Chen, Z.C., Lin, W., Faure, M., et al., 2014. Geochronology and Isotope Analysis of the Late Paleozoic to Mesozoic Granitoids from Northeastern Vietnam and Implications for the Evolution of the South China Block. Journal of Asian Earth Sciences, 86: 131-150. DOI:10.1016/j.jseaes.2013.07.039
Cheng, Y.B., Mao, J.W., Liu, P., 2016. Geodynamic Setting of Late Cretaceous Sn-W Mineralization in Southeastern Yunnan and Northeastern Vietnam. Solid Earth Sciences, 1(3): 79-88. DOI:10.1016/j.sesci.2016.12.001
Cheng, Y.B., Mao, J.W., Spandler, C., 2013. Petrogenesis and Geodynamic Implications of the Gejiu Igneous Complex in the Western Cathaysia Block, South China. Lithos, 175/176: 213-229. DOI:10.1016/j.lithos.2013.04.002
Cheng, Y.B., Mao, J.W., Rusk, B., et al., 2012. Geology and Genesis of Kafang Cu-Sn Deposit, Gejiu District, SW China. Ore Geology Reviews, 48: 180-196. DOI:10.1016/j.oregeorev.2012.03.004
Cheng, Y.B., Mao, J.W., 2010. Age and Geochemistry of Granites in Gejiu Area, Yunnan Province, SW China:Constraints on Their Petrogenesis and Tectonic Setting. Lithos, 120(3/4): 258-276. DOI:10.1016/j.lithos.2010.08.013
Clemens, J.D., 2003. S-Type Granitic Magmas-Petrogenetic Issues, Models and Evidence. Earth-Science Reviews, 61(1/2): 1-18. DOI:10.1016/s0012-8252(02)00107-1
Cobbing, E.J., Mallick, D.I.J., Pitfield, P.E.J., et al., 1986. The Granites of the Southeast Asian Tin Belt. Journal of the Geological Society, 143(3): 537-550. DOI:10.1144/gsjgs.143.3.0537
Dovjikov, A.E., 1965. Geology of Northern Vietnam. Technical and Scientific Publisher, Hanoi.
Dung, T.M., Anh, N.T., Hien, V.T., et al., 2013. Emplacement Age and Tectonic Significance of the Pia Oac Granite Massif, Nguyen Binh District, Cao Bang Province. Journal of Geology, 334A: 20-27.
Eby, G.N., 1990. The A-Type Granitoids:A Review of Their Occurrence and Chemical Characteristics and Speculations on Their Petrogenesis. Lithos, 26(1/2): 115-134. DOI:10.1016/0024-4937(90)90043-z
Ellis, D.J., Thompson, A.B., 1986. Subsolidus and Partial Melting Reactions in the Quartz-Excess CaO+MgO+Al2O3+SiO2+H2O System under Water-Excess and Water-Deficient Conditions to 10 kb:Some Implications for the Origin of Peraluminous Melts from Mafic Rocks. Journal of Petrology, 27(1): 91-121. DOI:10.1093/petrology/27.1.91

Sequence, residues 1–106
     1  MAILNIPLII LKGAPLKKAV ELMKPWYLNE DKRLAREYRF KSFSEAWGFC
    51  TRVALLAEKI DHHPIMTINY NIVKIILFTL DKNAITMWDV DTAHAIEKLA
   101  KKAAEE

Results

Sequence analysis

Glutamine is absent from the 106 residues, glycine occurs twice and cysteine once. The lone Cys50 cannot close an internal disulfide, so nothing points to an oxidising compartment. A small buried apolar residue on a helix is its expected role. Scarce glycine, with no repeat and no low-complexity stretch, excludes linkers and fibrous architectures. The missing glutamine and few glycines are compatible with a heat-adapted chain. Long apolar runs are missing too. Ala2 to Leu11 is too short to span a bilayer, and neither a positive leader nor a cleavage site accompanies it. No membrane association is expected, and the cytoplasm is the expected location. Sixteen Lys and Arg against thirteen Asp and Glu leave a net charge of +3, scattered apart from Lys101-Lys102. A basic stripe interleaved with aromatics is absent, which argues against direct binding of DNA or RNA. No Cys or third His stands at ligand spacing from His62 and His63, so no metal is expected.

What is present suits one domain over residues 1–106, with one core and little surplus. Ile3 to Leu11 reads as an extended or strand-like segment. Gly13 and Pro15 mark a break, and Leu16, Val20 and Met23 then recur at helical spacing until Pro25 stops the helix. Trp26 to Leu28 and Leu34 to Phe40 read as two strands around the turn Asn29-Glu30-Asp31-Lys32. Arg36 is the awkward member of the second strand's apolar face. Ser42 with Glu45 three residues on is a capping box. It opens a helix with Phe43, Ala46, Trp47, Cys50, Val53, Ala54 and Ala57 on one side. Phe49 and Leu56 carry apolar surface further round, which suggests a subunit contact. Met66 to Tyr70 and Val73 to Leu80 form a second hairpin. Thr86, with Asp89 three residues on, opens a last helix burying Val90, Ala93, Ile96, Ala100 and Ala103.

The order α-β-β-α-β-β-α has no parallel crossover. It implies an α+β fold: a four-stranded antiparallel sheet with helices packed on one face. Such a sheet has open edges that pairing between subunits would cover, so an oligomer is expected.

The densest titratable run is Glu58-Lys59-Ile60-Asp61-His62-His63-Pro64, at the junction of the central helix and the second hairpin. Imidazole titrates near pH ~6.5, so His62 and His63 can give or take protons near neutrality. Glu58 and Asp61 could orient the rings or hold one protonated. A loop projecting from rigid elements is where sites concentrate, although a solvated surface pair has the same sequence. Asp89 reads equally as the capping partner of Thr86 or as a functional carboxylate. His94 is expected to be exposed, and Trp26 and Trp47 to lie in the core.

Faure, M., Lepvrier, C., Nguyen, V.V., et al., 2014. The South China Block-Indochina Collision:Where, When, and How?. Journal of Asian Earth Sciences, 79: 260-274. DOI:10.1016/j.jseaes.2013.09.022
Feng, J.R., Mao, J.W., Pei, R.F., 2012. Ages and Geochemistry of Laojunshan Granites in Southeastern Yunnan, China:Implications for W-Sn Polymetallic Ore Deposits. Mineralogy and Petrology, 107(4): 573-589. DOI:10.1007/s00710-012-0253-3
Fogliata, A.S., Báez, M.A., Hagemann, S.G., et al., 2012. Post-Orogenic, Carboniferous Granite-Hosted Sn-W Mineralization in the Sierras Pampeanas Orogen, Northwestern Argentina. Ore Geology Reviews, 45: 16-32. DOI:10.1016/j.oregeorev.2011.12.001
Förster, H.J., Tischendorf, G., Trumbull, R.B., 1997. An Evaluation of the Rb vs. (Y+Nb) Discrimination Diagram to Infer Tectonic Setting of Silicic Igneous Rocks.Lithos, 40(2/3/4): 261-293. DOI:10.1016/s0024-4937(97)00032-7
Foster, M.D., 1960. Interpretation of Composition of Trioctaheral Micas. Geological Survey Professional Paper, 354(B): 1-49.
Fujimaki, H., 1986. Partition Coefficients of Hf, Zr, and REE between Zircon, Apatite, and Liquid. Contributions to Mineralogy and Petrology, 94(1): 42-45. DOI:10.1007/bf00371224
Galfetti, T., Bucher, H., Martini, R., et al., 2008. Evolution of Early Triassic Outer Platform Paleoenvironments in the Nanpanjiang Basin (South China) and Their Significance for the Biotic Recovery. Sedimentary Geology, 204(1/2): 36-60. DOI:10.1016/j.sedgeo.2007.12.008
Golonka, J., Krobicki, M., Pająk, J., et al., 2006. Phanerozoic Palaeogeography of Southeast Asia. GeoLines, 20: 40-43.
Gomes, M.E.P., Neiva, A.M.R., 2002. Petrogenesis of Tin-Bearing Granites from Ervedosa, Northern Portugal:The Importance of Magmatic Processes. Chemie der Erde—Geochemistry, 62(1): 47-72. DOI:10.1078/0009-2819-00002
Griffin, W.L., Wang, X.C., Jackson, S.E., et al., 2002. Zircon Chemistry and Magma Mixing, SE China:In-Situ Analysis of Hf Isotopes, Tonglu and Pingtan Igneous Complexes. Lithos, 61(3/4): 237-269. DOI:10.1016/s0024-4937(02)00082-8